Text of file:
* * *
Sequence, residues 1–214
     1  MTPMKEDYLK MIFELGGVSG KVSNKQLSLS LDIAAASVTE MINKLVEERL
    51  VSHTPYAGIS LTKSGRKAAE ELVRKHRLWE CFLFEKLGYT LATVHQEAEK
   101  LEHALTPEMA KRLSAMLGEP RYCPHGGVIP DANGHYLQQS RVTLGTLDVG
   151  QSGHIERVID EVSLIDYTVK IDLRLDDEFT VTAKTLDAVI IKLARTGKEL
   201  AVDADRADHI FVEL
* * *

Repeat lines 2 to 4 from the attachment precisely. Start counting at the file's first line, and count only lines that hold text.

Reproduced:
     1  MTPMKEDYLK MIFELGGVSG KVSNKQLSLS LDIAAASVTE MINKLVEERL
    51  VSHTPYAGIS LTKSGRKAAE ELVRKHRLWE CFLFEKLGYT LATVHQEAEK
   101  LEHALTPEMA KRLSAMLGEP RYCPHGGVIP DANGHYLQQS RVTLGTLDVG